With half of the world constrained to their homes, our approach to goal setting is likely to be different from previous years.  In lockdown, the goals we have set for ourselves may relate to mastering a new skill or getting ourselves fit and in shape, some other personal or professional growth goal, or, of course,  goals relating directly to our business.

What goals have you set?  How are they going?  Are you still on track and committed after a month of working one them?  Or have you already abandoned them in favour of the easier option?!

In these strange times, I thought I’d focus a little on the mechanisms behind goal success, the neuroscientific mechanisms that help us to learn, change, and succeed.

I’m a biker, a Ducatista, and it’s one of the things that normally keeps me sane!  Riding a bike well is a good metaphor for achieving life and business goals.  On the one hand, riding a bike can be so rewarding, yet deeply frustrating on the other.  A bit like running a business!

Our brains are remarkable pieces of equipment… much more powerful than theElectronic Control Unit that graces my Ducati Multistrada!  They are capable of changing, learning and taking decisions based on literally millions of inputs every second!

Threat or Reward?

One of the ways our brain does this is to organise the information it receives. It categorises every single piece of information it receives as either… a THREAT, or as… a REWARD.  It is then programmed to MINIMISE THREAT… and MAXIMISE REWARD (Evian Gordon, 2008).  Or to put it another way, it’s programmed to keep away from a Threat, and to engage and encourage a Reward.

Examples of Threat could be: not enjoying what you are doing, an impending deadline, too much “pain”, not believing in what you are doing or your abilities, or not enough perceived gain compared to the effort you have to put in.  Examples of Reward could be: the joy of delivering stunning customer service, winning a sale, ticking off progress in mastering a new skill, or anything else that you see as a positive achievement.

Now, you need to know how our brain reacts to either a Threat or a Reward scenario.  The answer that whilst it wants to move “away” from the Threat, it becomes very problem focused – i.e. fixates on the problem –– and it focuses on this Threat to the exclusion of other things.  In the case of a Reward, it seeks to encourage it, to move “towards” it.  In doing so, your brain is able to concentrate on delivering the outcome, whilst enjoying it, and keeping it in a wider context.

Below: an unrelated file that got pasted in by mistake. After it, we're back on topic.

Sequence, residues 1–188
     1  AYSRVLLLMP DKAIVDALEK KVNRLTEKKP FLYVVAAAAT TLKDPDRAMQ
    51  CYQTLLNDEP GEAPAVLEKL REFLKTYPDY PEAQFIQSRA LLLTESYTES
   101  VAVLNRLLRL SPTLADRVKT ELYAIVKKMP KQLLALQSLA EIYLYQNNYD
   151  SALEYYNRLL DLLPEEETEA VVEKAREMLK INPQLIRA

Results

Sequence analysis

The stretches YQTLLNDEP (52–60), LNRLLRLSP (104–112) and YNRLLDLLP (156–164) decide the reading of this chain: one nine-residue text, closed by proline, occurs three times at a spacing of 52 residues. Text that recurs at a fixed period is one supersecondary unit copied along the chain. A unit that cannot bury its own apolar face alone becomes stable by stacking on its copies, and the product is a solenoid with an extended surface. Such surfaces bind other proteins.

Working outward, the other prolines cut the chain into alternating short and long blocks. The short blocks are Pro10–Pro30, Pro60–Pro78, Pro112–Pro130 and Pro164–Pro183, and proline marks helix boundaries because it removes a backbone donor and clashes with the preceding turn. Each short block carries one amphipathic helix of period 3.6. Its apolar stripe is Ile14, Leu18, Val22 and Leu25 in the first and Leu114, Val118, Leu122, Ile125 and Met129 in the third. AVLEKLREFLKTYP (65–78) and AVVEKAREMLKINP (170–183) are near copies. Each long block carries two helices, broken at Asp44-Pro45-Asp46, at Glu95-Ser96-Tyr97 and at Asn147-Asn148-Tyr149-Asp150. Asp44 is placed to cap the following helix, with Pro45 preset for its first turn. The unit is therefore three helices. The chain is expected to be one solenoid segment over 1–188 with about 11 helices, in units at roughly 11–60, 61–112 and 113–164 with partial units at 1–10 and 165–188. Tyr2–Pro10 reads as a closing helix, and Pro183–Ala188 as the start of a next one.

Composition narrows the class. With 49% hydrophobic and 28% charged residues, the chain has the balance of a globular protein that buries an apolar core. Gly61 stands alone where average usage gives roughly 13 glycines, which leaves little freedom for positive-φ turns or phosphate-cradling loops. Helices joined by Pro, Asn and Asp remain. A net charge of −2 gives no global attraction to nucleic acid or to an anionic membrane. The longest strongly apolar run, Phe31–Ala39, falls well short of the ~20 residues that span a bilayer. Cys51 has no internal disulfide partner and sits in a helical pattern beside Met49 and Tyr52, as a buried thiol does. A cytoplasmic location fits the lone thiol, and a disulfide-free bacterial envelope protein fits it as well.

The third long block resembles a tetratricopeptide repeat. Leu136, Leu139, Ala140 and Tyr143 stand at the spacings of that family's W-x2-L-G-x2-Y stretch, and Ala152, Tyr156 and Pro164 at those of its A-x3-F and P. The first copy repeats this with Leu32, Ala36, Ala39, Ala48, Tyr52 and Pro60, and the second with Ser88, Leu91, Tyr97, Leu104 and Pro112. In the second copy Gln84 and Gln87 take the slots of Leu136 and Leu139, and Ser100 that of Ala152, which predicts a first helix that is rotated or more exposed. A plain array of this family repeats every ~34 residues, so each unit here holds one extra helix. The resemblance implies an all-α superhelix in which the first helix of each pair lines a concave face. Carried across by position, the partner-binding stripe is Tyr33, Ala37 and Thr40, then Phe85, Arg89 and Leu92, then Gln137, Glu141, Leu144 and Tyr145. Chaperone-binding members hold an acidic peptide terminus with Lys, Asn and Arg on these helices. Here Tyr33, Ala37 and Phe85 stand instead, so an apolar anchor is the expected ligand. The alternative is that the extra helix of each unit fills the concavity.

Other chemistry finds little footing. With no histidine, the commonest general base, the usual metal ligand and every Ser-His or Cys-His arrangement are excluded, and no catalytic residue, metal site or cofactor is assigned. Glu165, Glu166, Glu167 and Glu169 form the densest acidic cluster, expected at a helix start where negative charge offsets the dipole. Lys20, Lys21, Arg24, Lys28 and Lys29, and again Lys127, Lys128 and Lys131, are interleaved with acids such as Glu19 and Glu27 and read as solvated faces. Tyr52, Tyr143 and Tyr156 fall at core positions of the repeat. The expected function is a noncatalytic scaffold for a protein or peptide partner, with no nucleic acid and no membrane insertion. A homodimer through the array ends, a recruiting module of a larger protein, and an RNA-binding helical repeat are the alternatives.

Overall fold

Can you see how having your brain in a “Reward” state will be so much more pleasant, effective, and enjoyable than being in a “Threat” state?  More importantly, you will be in a much better position to solve problems, deliver sales, and make decisions which are in the best interest of your business.

Harnessing our brain

So, how do you help your brain see more things as Reward and not Threat?  One simple approach is to develop “processes” – i.e. roadmaps of the way you will work – be it learning, selling, exercising, or any other activity you see as important.  If you know what you are doing, that it works, and that it will deliver your desired outcome, you are far more likely to see the activity as a reward… rather than a threat!

Back to my biking analogy, if you’ve ever watched top flight motorcycle racers, this should make sense… can you imagine what it would feel like riding a MotoGP bike along the Hangar Straight at Silverstone, braking from almost 200mph down to 85, and then throwing the bike into the right hander, with another bike alongside? Threat or Reward do you think?   I’m guessing Threat!  So, you’ll try to minimise danger, probably fixate on the apex or worse, the outer kerb… with the inevitable consequence! 

But not the two guys here – Marc Marquez and Maverick Viñales!  They will be loving it – it’s all Reward to them!  So they stay engaged, with a global view, and make the best decisions they can.

This is what we need to do in life and in business – recognise challenges, equip ourselves with knowledge, with a process, practice, and keep thinking positively.  We may need help – and that’s OK.  We all need a helping hand to get the most out of our performance, be it a riding coach, a fitness coach, or a personal or business coach.

If we can understand our concerns and barriers, we can start to do something about them – and hopefully convert each one into a Reward.

Inner Voice

One last point… are you someone who gives themselves a hard time when things aren’t going well?  Does your mind’s inner voice use negative language – “what an idiot, you are useless at this” – or is it more positive in its messages?  The Threat-Reward response is also triggered by your inner voice.  So if you persistently use negative self-talk, you will never perform as well as if you concentrate on the positives.  Worth thinking about in my book.

So if you would like help to retrain your brain from seeing your gremlins as Threats to seeing them as opportunities and Rewards, please give us a call!

David Little